Joy, like the swelling buds of early spring,
Swelled in my bosom ; peace her dove-like wings
Spread o'er my head, and promised long to stay.
Oh, false and fatal peace! What has a slave to do

With love or joy?
“The dream of hope is passed, and I depart,
To hide me from thy jealous hate and wrath ;
Yet in my bosom's secret core I bear
One ray of comfort, which shall peace impart.
It was not Abram's will that drove me hence-

Alas! oh, Abraham!
“Hath God forgotten mercy-must I go !
Why hath he suffered me to love thee so ?

I WISH my love were some fair stream,

Soft singing through her woodland way; And I some star, whose loving beam

Might in her bosom rest its way. I wish my love were like the dew,

Half hidden 'neath the rose's lip ; And I the young dawn, trembling through

The fragrance, none but I might sip! I wish-like flowers that fondly mcet,

And cheer and charm the humblest spotOur lives might blend while life was sweet,

And even death divide us not !

I have said that had a little girl like me. And then he took me on these are my earliest his knee, and kissed my cheek, and showed me his recollections ; but I watch ; and so winning my confidence with gentle seemed even then to words, persuaded me to sing to him again. He have dim remem- listened to me very attentively; and when I had brances, broken and done, asked me to repeat it. My childish vanity shadowy enough, of was pleased for the first time, and I sung one of a time long before. my father's brilliant pieces. They were not so " Thank you, Alice,” he said at the close of my much remembrances, second performance ; "you are a good child, and either, as reflections now I will sing you a song in return.” And infrom a faded light, stantly the gentleman assumed the most comical like images mirrored expression I had ever seen, placed his hands on his dreamily in water. knees, and began to sing. I have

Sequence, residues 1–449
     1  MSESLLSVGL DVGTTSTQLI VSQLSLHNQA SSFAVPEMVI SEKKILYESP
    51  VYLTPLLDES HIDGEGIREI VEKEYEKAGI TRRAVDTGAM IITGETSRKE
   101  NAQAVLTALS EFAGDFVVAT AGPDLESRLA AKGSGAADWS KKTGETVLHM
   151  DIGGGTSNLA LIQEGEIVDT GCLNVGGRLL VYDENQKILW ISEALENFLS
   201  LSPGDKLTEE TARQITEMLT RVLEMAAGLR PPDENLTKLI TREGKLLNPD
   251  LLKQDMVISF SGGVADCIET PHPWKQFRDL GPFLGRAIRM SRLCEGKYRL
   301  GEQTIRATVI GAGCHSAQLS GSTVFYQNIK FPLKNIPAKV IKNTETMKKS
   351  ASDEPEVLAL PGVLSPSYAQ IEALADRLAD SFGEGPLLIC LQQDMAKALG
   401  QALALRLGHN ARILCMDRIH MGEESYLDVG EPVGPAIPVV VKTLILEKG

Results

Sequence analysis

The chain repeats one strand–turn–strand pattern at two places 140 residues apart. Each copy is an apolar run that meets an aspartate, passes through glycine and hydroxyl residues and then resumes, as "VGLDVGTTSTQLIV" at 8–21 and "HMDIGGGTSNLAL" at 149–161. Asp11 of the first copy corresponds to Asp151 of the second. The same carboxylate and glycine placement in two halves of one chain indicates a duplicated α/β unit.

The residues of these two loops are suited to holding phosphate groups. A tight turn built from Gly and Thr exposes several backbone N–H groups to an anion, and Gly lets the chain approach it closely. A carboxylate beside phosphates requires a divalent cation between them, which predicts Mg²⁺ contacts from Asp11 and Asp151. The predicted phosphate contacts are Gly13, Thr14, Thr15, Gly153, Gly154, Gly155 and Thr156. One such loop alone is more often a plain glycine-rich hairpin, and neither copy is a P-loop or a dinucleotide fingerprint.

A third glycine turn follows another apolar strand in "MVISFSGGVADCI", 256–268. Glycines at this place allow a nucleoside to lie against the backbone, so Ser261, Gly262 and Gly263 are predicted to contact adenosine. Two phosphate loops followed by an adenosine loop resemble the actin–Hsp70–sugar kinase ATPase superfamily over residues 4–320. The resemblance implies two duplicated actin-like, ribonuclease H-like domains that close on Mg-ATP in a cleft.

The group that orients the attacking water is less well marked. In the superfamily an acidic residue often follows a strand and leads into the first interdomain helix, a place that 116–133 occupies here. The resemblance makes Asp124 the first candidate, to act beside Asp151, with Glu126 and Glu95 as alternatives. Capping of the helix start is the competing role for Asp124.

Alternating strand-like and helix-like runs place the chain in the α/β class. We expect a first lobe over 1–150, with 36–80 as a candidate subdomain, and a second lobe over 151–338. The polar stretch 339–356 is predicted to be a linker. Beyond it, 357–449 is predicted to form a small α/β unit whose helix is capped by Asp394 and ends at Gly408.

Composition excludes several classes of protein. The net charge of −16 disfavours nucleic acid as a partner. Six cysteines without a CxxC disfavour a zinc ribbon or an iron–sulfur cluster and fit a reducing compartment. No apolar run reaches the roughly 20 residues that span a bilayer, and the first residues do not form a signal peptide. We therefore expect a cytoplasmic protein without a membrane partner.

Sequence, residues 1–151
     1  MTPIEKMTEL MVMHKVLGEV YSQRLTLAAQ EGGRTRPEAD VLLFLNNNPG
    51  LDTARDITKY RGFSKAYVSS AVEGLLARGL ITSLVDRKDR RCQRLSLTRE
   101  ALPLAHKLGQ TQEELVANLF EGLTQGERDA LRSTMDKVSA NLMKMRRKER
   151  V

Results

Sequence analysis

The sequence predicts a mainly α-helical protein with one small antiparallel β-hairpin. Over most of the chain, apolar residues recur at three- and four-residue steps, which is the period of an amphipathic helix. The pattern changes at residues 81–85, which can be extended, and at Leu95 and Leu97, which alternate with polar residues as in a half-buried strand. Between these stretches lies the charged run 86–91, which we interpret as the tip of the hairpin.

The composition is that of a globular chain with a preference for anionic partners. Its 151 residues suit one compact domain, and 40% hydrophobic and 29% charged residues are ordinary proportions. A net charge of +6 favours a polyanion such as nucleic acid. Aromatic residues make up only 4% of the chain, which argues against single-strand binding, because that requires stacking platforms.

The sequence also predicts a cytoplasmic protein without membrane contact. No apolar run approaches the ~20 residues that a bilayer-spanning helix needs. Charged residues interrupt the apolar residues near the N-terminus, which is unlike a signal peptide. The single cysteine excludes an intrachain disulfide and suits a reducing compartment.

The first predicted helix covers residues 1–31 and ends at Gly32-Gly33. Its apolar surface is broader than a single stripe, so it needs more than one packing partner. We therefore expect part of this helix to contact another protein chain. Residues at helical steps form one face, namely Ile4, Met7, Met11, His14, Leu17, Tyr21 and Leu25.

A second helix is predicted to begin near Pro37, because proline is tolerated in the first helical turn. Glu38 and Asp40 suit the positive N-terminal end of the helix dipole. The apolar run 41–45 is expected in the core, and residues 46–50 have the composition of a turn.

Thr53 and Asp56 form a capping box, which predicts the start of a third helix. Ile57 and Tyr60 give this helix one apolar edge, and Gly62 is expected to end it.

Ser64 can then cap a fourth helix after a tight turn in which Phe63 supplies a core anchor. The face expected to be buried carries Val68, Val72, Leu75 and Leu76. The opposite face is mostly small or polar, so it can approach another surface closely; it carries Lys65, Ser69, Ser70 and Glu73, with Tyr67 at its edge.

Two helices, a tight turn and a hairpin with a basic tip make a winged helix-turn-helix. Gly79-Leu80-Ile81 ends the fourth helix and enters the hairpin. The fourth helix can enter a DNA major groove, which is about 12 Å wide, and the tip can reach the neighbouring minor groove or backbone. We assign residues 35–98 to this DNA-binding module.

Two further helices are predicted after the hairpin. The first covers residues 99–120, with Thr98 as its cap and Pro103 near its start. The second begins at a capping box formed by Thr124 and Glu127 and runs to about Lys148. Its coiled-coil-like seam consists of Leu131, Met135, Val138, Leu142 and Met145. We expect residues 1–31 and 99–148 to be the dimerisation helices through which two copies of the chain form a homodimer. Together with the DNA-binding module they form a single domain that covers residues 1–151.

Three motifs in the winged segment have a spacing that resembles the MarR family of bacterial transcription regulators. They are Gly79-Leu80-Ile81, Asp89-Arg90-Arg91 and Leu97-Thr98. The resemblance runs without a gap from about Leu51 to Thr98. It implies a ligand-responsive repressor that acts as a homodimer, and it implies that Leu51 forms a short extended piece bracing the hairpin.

now no recollecFragments of old tion of the words or the air, but I remember dancrhymes and fairy sto- ing and rolling about in ecstacies of mirth. Ho ries floated in my seemed to tie up every feature into knots, his mind, mingled with mouth extended itself from car to car, and his the tones of a soft words poured forth as if he had a dozen tongues. voice; and these I In the midst of a torrent of volubility on the part used to strive to sum of the gentleman, and my shrill peals of laughter, mon back again, and the door opened suddenly, and my father walked in. loved to connect thc The stranger started, and his face became instantly scattered links with transformed to its previous mild good-natured rethe weavings of my pose : the merriment died away upon my lips ; my own fancy. Some- father looked sternly amazed; and as he advanced

times too, when I towards the visitor, reddened, and bowed with some ALICE HOFFMANN:

was lying in my bed, with the moonlight streaming formality.

in through the uncurtained window, I woke from “You are surprised to find me here, Hoffmann," AN AUTOBIOGRAPHY

pleasant dreams in which I seemed to see a gentle said he, blushing also; “but I came to see Soloman

face, forgotten, yet familiar, and then slept to dream down stairs about somo properties, and hearing I. again.

your child's voice singing overhead, I stole up stairs MY earliest

recollections--and they are of many I was very young at this time ; not more, I should to listen to her.”

years ago, for I am no longer young-carry fancy, than seven years of age ; but I never knew "It is a poor place for you to enter, Mr. Grimalme back to a dark and dirty room in the neighbor- the exact date of my birth, nor do I now.

The di,” said my father, proudly.